In far too many companies, the customer experience is led by the organisational structure and not by the one who should be the king: the customer. How can IT management change this situation?

In a digitalised world, you cannot talk about customer experience without technology. Successful companies like Uber and Amazon build their business on a technology-enabled customer experience. The strategic nature of customer experience is important in the Nordics as well, but actions speak louder than words: and in many places, action has not yet been spotted.

If technology is important for the customer experience, then so is IT. That is why Sofigate experts Elisa Nieminen and Juhana Tormilainen compiled three questions IT professionals should pose to themselves.

Answer these questions and consider if you’ve included IT when developing your customer experience:

  1. Do you allow your organisational structure to lead your customer experience?

Many companies operate in divisions, business units, segments, and in product and market areas. The organisational structure easily ends up guiding the customer experience.

Companies work with one unit in one way and different units may not even see each other’s information.  If the customer is interested in a wider package, the company has to travel to the sales meeting in a minibus. The offer to the customer ends up looking like a patchwork with different insights and pricing models.

Often only IT, financial management, and HR cover the entire company. We argue that IT management across organisational boundaries can be a significant contributor to a unified customer experience.

IT management can be a pioneer for example by using a unified management model.

  1. Does your customer encounter a human, a process, or a technical solution?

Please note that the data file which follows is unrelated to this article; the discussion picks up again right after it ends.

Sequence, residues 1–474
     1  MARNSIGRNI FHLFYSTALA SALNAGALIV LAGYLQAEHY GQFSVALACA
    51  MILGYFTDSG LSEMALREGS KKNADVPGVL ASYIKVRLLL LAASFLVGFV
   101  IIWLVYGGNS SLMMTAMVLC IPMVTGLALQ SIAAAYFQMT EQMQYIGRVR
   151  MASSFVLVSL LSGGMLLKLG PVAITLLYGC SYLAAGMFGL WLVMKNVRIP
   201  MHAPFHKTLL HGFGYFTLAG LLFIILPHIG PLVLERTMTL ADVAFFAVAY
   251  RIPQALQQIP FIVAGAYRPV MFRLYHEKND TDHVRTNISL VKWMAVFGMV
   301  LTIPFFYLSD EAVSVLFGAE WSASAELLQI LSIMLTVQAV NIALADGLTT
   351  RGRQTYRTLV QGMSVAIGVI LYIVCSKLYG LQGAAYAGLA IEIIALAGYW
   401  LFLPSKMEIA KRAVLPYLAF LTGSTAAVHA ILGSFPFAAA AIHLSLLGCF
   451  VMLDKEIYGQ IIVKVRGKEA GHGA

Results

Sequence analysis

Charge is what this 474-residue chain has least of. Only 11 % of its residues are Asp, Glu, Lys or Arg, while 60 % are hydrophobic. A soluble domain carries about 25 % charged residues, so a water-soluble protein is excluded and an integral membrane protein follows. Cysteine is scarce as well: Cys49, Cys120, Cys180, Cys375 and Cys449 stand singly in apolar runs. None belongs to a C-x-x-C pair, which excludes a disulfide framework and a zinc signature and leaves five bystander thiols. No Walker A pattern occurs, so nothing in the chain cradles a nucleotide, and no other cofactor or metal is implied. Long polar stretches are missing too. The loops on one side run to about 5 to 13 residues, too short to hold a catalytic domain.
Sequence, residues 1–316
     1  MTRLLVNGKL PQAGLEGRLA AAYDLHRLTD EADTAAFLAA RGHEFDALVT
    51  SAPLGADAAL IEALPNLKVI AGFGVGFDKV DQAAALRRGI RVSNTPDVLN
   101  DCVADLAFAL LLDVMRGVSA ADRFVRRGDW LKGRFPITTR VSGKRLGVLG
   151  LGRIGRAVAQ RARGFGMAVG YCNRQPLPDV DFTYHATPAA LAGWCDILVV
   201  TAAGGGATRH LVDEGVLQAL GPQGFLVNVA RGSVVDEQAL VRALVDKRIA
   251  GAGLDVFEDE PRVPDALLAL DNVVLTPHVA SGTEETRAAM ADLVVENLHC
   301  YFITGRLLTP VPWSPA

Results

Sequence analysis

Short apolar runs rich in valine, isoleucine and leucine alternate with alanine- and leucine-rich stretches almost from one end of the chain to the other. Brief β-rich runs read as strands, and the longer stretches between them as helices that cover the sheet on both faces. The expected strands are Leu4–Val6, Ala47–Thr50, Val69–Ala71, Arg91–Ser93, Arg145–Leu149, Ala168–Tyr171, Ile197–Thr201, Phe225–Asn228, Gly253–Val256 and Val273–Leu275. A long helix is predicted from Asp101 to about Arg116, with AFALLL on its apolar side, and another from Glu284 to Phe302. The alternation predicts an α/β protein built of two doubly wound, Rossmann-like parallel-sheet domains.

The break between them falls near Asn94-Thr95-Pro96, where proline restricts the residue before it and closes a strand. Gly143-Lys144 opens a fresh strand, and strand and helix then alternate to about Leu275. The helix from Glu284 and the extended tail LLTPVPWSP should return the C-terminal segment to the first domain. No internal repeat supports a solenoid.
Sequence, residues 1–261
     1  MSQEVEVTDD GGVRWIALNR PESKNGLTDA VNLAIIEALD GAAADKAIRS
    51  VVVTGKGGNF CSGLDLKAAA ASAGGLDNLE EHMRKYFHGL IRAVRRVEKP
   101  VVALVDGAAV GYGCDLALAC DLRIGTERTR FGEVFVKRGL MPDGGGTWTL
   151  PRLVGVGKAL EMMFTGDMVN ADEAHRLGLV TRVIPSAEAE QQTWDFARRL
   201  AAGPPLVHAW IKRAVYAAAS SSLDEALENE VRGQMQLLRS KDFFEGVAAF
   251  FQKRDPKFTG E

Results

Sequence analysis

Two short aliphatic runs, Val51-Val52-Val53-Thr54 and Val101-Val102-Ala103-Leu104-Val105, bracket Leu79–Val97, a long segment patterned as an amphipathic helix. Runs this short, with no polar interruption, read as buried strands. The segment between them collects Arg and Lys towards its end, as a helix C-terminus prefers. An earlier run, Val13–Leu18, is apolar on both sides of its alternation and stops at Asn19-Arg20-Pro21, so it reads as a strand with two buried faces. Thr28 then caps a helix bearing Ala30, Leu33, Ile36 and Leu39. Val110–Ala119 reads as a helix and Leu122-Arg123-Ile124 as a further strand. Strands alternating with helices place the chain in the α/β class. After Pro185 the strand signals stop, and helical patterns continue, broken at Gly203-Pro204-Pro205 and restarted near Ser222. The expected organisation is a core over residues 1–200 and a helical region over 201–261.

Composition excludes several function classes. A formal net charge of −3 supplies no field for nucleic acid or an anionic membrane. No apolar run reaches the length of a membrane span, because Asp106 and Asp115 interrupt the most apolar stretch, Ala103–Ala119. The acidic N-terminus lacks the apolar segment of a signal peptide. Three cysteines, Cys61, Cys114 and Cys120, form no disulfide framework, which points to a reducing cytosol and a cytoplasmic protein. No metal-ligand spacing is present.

When making decisions, how often do you consider what they mean to your customer? The most important thing in most customer encounters is that from the customer’s point of view, everything works seamlessly.

It is only when the customer experience is not sufficient that our attention becomes focused on the details: the people we encounter, the processes we do not see, or the experience of using a technical solution.

Usually almost everything affects the customer experience: people, processes, and technology. Modern IT management can play an important role in integrating these together.

  1. Do you make good use of your data?

Many of us take data for granted: of course, we justify all our significant decisions with facts and numbers. But how do we use data to improve a customer experience?

When we are customers, we do not deal with the division, the business unit, or even with the customer service person who meets us. We deal with the entire organisation – or at least with its brand.

The organisation has huge amounts of data related to our past transactions, orders, deliveries, other customer experiences, and so on.

How could the company utilise that data to improve customer experience? What if the salesperson had a summary of customer path encounters? What if we had super agents working in customer service, who would have the whole company’s knowledge and skills in use?

Utilising data is one of the most important business issues of this decade. That’s where IT management has a lot to prove!

 

About the authors

Elisa Nieminen is in charge of the Service Management area of business at Sofigate. She is an expert in leadership and service development. Elisa enjoys it when tools like ServiceNow and BMC create solutions to problems.

Juhana Tormilainen is in charge of the Customer Experience & Interaction at Sofigate. He is an expert in customer experience development and management. Juhana gets excited when simple and concrete solutions make lasting results.

Read these next